BRITAIN’S leading share index fell yesterday, with energy and mining stocks easing along with commodities on demand worries as downbeat US jobs data last week and euro debt concerns sapped investor confidence.
The FTSE 100 ended down 56.94 points, or 1.1 per cent at 5,069.06, marginally off the session low of 5,040.26, having shed 1.6 per cent on Friday.
“The battle in investors’ minds between promising corporate numbers and concerns over the fragility of global growth is being won by the macroeconomic doubts at the moment,” Jimmy Yates, head of equities at CMC Markets.
Commodities were the main drag as demand fears hit metal prices and crude, after disappointing jobs data from the US and eurozone debt concerns cast a shadow over prospects for global economic growth.
Miners were down along with metal prices as copper hit an eight-month low. Kazakhmys, Eurasian Natural Resources and Rio Tinto shed 2.1 to 4.0 per cent.
Randgold Resources, however, bucked the sector trend, adding 0.9 per cent, with the stock a proxy for the gold price as the price of the metal bounced from lows.
BP pared early gains, falling 0.7 per cent as Goldman Sachs downgraded its rating on the oil major to “neutral” from “buy”.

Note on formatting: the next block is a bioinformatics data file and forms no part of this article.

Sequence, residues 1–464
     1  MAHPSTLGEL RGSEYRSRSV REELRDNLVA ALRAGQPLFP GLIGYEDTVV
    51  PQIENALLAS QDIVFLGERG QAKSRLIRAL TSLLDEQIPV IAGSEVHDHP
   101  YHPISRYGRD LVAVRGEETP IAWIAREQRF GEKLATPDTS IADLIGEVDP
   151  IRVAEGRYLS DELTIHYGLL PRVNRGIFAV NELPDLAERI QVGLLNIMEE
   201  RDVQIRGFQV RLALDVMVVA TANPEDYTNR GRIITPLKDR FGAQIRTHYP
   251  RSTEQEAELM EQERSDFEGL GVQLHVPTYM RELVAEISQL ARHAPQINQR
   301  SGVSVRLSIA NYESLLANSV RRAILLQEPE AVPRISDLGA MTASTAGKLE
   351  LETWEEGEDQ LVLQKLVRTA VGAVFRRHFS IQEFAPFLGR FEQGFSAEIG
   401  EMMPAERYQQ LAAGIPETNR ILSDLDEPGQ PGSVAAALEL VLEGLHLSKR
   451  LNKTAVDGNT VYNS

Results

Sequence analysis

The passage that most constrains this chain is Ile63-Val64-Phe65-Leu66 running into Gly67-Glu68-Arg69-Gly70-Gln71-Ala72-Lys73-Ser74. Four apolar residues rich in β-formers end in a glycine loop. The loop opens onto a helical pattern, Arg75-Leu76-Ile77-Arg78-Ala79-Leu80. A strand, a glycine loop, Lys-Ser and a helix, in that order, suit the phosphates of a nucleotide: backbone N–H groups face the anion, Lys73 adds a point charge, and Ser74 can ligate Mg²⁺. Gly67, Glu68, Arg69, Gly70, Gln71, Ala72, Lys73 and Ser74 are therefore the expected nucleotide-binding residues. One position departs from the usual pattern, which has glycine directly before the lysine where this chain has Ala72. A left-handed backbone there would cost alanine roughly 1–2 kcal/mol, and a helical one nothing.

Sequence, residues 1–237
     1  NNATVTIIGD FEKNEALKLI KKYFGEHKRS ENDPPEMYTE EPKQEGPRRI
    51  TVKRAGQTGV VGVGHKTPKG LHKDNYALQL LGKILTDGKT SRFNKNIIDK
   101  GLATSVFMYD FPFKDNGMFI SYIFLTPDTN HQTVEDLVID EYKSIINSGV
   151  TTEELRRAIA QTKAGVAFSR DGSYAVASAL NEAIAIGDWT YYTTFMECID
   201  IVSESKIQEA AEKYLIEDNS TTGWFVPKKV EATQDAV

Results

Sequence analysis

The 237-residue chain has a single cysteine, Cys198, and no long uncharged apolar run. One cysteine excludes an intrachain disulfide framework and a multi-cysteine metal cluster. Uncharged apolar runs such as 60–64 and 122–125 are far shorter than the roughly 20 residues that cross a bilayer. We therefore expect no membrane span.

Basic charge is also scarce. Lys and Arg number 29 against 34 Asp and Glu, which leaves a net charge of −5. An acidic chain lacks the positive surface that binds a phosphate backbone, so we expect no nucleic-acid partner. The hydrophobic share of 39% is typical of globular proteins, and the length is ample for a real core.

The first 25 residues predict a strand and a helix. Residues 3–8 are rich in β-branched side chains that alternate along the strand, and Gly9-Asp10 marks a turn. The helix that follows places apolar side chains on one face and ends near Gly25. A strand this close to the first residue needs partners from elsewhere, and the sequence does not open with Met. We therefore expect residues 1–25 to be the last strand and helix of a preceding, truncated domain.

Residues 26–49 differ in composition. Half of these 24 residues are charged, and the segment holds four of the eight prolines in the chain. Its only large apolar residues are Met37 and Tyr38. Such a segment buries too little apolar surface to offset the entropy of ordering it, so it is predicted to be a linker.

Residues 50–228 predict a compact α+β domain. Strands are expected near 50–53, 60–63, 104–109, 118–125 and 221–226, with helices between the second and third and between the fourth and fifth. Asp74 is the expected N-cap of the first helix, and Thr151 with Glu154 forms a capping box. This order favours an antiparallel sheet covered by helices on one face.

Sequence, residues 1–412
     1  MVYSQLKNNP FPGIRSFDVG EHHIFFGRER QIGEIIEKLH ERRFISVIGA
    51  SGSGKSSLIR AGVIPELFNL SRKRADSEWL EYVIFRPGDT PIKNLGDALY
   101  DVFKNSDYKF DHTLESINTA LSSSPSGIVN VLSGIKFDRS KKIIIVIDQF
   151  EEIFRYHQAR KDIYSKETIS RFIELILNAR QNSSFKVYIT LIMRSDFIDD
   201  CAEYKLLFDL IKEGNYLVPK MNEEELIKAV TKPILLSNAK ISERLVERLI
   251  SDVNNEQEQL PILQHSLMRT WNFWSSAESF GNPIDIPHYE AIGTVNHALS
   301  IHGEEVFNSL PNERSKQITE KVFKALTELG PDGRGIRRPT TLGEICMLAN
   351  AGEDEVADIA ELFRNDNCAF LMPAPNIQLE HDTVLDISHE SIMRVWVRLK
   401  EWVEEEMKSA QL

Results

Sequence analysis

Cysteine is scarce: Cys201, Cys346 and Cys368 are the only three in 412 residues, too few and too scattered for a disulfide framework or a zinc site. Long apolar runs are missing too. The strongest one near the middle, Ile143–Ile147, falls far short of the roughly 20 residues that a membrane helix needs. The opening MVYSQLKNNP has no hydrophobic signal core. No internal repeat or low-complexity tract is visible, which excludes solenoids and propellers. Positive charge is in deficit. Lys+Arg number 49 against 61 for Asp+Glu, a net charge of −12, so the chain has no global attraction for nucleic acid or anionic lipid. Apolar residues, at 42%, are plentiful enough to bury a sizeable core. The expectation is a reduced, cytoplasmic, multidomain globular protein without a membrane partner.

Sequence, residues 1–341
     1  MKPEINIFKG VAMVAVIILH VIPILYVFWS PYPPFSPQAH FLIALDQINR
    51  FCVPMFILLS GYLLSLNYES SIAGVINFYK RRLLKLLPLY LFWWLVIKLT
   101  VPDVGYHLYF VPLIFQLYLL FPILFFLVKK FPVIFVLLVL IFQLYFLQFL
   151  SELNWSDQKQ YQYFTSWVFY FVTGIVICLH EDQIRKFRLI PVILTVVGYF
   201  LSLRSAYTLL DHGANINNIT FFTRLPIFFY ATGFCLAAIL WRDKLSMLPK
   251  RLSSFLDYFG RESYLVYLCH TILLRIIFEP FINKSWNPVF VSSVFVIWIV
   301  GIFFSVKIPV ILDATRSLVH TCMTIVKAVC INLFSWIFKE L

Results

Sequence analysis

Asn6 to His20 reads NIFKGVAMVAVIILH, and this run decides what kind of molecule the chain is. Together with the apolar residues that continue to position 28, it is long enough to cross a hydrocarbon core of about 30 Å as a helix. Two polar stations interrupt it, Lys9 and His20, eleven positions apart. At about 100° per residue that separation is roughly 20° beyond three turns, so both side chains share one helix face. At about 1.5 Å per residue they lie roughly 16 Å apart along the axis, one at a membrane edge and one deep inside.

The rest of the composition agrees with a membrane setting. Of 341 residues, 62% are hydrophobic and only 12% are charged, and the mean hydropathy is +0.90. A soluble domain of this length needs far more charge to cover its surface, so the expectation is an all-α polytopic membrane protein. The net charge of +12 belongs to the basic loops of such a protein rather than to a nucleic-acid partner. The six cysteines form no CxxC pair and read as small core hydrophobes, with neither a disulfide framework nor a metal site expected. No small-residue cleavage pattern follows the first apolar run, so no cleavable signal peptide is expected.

BP, which has lost around a third of its value since the rig explosion in the Gulf of Mexico last month, said it captured 11,100 barrels of oil from the leaking well with its containment cap in a 24-hour period ending on Sunday.
Peers Royal Dutch Shell and BG Group lost 1.1 and 2.3 per cent respectively, while crude was off 0.8 per cent.
Banks, a gauge of investor attitude towards risk, dropped as sentiment waned. Lloyds Banking Group, Barclays and Royal Bank of Scotland fell 0.9 to 2.7 per cent.
Domestic banks were also weighed on by worries over a levy on British lenders and their exposure to eurozone debt.
British finance minister George Osborne is planning to slap a punishing new tax on banks despite the failure of global finance chiefs to agree on a universal levy on financial firms, the Daily Mail said on Monday.
The eurozone’s debt problems haunted markets after Hungary's government said on Friday the country might suffer a Greece-style debt crisis.
Life insurers were weak , with Legal & General off 2.4 per cent after Deutsche Bank cut its target price in a review of the European life sector, while Prudential fell four per cent as it held its annual general meeting.
In an effort to appease shareholder anger over its failed bid for AIG’s AIA Asian unit, Prudential said in a trading update that its sales in April and May were up 28 per cent.
On the upside, composite insurer RSA Insurance rose 0.6 per cent after Goldman Sachs upped its rating for the firm to “buy” from “neutral”.